When I started at the Northwest Herald in June 1990, I had no idea how long I would stay.
After all, it was the day I turned 22, and I had just graduated from the Medill School of Journalism.
If I’m honest, I didn’t have a clue about the many things about a newsroom that I would learn.
And as I leave the Northwest Herald, more than 23 years later, I’m sure there are a few things I still don’t know.
I spent more than 17 years working the night shift – first as a copy editor, then as the front page editor, then the presentation editor and finally the night news editor.
My years on the copy desk are measured out in momentous events – the wars in Iraq and Afghanistan, 9/11, natural disasters, Chicago Bulls championships, the White Sox World Series victory, the deaths of a pope and a princess. And myriad local events that touched us here in McHenry County even more.
This column began more than five years ago when I became a community editor. I was “repurposed,” as I wrote in that introductory column about the shift to working days.
I find it hard to believe that after more than 200 columns, I have to find a way to say goodbye.
Over the years I’ve met and talked to so many wonderful people. That’s not surprising, since I’ve always said McHenry County is a great place to live and work.
It was, is and will continue to be my home. And the Northwest Herald will always be my hometown paper.
I am thankful for the many people who continue to make McHenry County what it is. In my own small way, I hope that I contributed, too.
My life is richer for having been invited into county classrooms to teach and to read to our area students.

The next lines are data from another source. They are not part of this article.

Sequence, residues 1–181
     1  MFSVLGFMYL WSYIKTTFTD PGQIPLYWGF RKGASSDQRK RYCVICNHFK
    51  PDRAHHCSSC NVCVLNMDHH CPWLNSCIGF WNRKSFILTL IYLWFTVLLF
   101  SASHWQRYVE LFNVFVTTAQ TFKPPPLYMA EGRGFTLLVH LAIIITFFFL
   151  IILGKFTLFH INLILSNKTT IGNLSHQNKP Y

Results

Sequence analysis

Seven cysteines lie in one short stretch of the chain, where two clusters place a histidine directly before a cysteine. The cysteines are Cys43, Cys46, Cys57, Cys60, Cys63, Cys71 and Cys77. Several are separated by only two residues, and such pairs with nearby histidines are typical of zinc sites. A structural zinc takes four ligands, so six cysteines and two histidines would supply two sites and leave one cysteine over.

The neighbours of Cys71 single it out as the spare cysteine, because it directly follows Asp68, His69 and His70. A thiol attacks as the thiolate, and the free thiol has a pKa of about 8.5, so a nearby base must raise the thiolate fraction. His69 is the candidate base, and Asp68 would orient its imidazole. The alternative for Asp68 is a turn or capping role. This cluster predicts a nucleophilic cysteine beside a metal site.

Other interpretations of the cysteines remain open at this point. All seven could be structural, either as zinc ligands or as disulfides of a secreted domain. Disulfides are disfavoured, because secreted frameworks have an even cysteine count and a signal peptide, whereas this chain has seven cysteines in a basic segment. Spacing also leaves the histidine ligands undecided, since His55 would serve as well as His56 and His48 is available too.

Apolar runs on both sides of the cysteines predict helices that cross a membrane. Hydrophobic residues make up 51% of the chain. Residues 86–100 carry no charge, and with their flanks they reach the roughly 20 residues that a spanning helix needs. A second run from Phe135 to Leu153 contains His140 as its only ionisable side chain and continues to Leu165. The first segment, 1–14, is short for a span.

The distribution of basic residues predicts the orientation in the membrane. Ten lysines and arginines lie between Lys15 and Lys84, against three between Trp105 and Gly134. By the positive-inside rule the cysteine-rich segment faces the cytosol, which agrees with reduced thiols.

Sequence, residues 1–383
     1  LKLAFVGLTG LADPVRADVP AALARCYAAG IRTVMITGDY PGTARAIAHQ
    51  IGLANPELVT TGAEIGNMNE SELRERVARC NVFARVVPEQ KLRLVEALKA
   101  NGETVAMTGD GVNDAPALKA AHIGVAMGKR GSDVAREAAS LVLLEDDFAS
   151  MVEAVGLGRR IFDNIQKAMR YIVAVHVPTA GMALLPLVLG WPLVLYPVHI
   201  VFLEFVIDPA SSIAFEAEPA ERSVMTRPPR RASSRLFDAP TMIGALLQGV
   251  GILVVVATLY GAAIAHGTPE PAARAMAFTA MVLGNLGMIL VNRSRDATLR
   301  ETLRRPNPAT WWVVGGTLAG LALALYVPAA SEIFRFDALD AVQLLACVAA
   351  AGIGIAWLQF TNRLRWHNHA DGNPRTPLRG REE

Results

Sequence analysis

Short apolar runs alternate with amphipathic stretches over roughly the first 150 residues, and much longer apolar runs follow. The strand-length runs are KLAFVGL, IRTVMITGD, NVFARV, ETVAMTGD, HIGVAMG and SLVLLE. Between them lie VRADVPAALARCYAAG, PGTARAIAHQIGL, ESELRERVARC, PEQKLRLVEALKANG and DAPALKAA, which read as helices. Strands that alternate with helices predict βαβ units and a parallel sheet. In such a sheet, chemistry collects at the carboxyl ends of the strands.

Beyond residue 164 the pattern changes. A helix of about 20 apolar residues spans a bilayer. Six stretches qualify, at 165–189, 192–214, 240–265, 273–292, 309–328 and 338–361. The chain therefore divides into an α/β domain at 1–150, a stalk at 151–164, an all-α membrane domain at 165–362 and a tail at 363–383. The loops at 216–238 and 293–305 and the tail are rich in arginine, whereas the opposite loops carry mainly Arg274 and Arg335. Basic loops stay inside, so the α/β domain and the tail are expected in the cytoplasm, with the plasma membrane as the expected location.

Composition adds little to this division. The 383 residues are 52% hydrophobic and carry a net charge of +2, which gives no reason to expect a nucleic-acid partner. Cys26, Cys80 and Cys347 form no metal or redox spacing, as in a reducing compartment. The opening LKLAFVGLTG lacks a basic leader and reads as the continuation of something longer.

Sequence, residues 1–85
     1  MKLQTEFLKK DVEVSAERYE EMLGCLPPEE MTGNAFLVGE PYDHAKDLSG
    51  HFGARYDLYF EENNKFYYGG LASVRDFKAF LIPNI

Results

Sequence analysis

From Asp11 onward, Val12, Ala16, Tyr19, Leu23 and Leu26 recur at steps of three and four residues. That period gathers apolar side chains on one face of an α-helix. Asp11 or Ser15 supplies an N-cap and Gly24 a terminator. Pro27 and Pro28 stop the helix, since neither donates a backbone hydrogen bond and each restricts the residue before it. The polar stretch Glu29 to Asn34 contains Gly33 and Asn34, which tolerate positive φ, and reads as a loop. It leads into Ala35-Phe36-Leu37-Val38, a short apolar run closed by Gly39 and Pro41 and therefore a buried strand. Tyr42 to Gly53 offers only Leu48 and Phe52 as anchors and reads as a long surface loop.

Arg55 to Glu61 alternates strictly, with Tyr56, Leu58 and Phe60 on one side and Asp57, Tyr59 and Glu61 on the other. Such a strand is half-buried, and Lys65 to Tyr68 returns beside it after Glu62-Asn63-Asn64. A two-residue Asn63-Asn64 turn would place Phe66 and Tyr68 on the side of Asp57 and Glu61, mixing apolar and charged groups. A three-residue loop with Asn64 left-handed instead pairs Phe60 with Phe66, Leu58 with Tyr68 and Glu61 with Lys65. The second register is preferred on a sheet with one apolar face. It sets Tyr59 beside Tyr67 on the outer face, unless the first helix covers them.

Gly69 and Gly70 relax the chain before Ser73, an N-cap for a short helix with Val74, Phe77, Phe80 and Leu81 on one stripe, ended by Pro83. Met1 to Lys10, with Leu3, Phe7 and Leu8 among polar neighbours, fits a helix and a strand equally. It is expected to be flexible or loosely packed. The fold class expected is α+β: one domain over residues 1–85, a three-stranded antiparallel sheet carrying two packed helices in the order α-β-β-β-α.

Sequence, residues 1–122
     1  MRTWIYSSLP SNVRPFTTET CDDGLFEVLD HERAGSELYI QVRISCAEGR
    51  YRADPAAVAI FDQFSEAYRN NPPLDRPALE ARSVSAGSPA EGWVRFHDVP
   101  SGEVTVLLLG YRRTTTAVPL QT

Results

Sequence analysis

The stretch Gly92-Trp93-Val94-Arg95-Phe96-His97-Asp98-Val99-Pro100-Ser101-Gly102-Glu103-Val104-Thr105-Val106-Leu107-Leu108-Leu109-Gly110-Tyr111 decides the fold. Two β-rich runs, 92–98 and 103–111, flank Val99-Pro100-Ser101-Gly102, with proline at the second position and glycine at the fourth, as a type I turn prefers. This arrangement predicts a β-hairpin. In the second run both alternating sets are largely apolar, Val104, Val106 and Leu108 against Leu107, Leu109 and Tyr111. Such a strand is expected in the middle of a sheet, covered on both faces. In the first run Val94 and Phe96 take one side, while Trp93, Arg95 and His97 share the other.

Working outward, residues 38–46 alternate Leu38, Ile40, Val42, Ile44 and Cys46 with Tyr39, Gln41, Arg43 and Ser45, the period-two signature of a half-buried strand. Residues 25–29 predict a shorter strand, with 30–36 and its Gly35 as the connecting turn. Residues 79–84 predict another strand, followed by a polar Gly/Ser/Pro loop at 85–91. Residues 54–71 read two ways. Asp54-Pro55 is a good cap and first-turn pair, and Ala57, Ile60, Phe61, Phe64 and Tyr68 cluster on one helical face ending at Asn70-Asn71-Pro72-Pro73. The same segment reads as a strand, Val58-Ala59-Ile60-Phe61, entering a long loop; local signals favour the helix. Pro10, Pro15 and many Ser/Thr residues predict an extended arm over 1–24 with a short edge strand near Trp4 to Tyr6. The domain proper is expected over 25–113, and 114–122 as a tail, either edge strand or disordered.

Many thanks to District 200 for allowing me to repeatedly participate in Love to Read Week. And I especially want to mention Westwood Elementary teacher Kristen Sauber, whose students even turned me into a superhero for a class project.
I will remain a huge fan of our area libraries, social service agencies such as Turning Point and fundraising events such as the Mini-Links Golf Outing at the Woodstock Public Library and Gallery in the Garden. We are lucky to have such dedicated do-gooders in our midst.
To the dear ladies who liked to chat about my columns, please know that I will miss you and appreciated your calls more than you can know.
Most of all, I’d like to thank you readers. I have often worn my heart on my sleeve. Thank you for treating it gently.
Change, they say, is good. I’ll say that it isn’t so much the change, but how we deal with it that determines whether it is good or bad.
And so I will try to embrace the future and eagerly await what lies ahead.
Yet as I look back, I know I will always treasure my time here.
It was such an honor and a privilege to have served you all these years.
• Joan Oliver was the assistant news editor for the Northwest Herald. She has been transferred to other Shaw Media publications. However, she still can be reached at 815-526-4552 or by email at firstname.lastname@example.org.